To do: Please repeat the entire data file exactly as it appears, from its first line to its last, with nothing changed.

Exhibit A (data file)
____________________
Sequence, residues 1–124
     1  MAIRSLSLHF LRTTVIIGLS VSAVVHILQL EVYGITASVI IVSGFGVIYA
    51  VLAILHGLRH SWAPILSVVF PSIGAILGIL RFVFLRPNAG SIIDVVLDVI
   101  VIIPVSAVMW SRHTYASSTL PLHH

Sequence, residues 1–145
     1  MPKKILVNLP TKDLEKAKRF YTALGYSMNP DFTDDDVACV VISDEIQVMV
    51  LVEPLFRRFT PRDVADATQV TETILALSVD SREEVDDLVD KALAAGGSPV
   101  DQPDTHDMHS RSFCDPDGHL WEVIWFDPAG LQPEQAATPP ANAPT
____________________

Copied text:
Sequence, residues 1–124
     1  MAIRSLSLHF LRTTVIIGLS VSAVVHILQL EVYGITASVI IVSGFGVIYA
    51  VLAILHGLRH SWAPILSVVF PSIGAILGIL RFVFLRPNAG SIIDVVLDVI
   101  VIIPVSAVMW SRHTYASSTL PLHH

Sequence, residues 1–145
     1  MPKKILVNLP TKDLEKAKRF YTALGYSMNP DFTDDDVACV VISDEIQVMV
    51  LVEPLFRRFT PRDVADATQV TETILALSVD SREEVDDLVD KALAAGGSPV
   101  DQPDTHDMHS RSFCDPDGHL WEVIWFDPAG LQPEQAATPP ANAPT